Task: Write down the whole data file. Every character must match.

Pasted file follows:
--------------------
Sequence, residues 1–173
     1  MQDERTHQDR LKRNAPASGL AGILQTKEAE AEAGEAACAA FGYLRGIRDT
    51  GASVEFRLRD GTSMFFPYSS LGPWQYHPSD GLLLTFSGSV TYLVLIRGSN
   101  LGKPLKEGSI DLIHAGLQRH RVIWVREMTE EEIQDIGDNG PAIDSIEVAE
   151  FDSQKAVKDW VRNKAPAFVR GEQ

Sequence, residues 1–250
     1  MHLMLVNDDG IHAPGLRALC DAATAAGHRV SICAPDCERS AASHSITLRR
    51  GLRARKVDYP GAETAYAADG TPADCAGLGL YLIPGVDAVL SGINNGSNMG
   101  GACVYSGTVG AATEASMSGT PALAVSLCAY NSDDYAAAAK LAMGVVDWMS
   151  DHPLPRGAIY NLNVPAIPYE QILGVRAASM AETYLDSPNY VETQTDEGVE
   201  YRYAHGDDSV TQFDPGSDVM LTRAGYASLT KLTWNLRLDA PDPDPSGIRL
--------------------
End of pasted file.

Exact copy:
Sequence, residues 1–173
     1  MQDERTHQDR LKRNAPASGL AGILQTKEAE AEAGEAACAA FGYLRGIRDT
    51  GASVEFRLRD GTSMFFPYSS LGPWQYHPSD GLLLTFSGSV TYLVLIRGSN
   101  LGKPLKEGSI DLIHAGLQRH RVIWVREMTE EEIQDIGDNG PAIDSIEVAE
   151  FDSQKAVKDW VRNKAPAFVR GEQ

Sequence, residues 1–250
     1  MHLMLVNDDG IHAPGLRALC DAATAAGHRV SICAPDCERS AASHSITLRR
    51  GLRARKVDYP GAETAYAADG TPADCAGLGL YLIPGVDAVL SGINNGSNMG
   101  GACVYSGTVG AATEASMSGT PALAVSLCAY NSDDYAAAAK LAMGVVDWMS
   151  DHPLPRGAIY NLNVPAIPYE QILGVRAASM AETYLDSPNY VETQTDEGVE
   201  YRYAHGDDSV TQFDPGSDVM LTRAGYASLT KLTWNLRLDA PDPDPSGIRL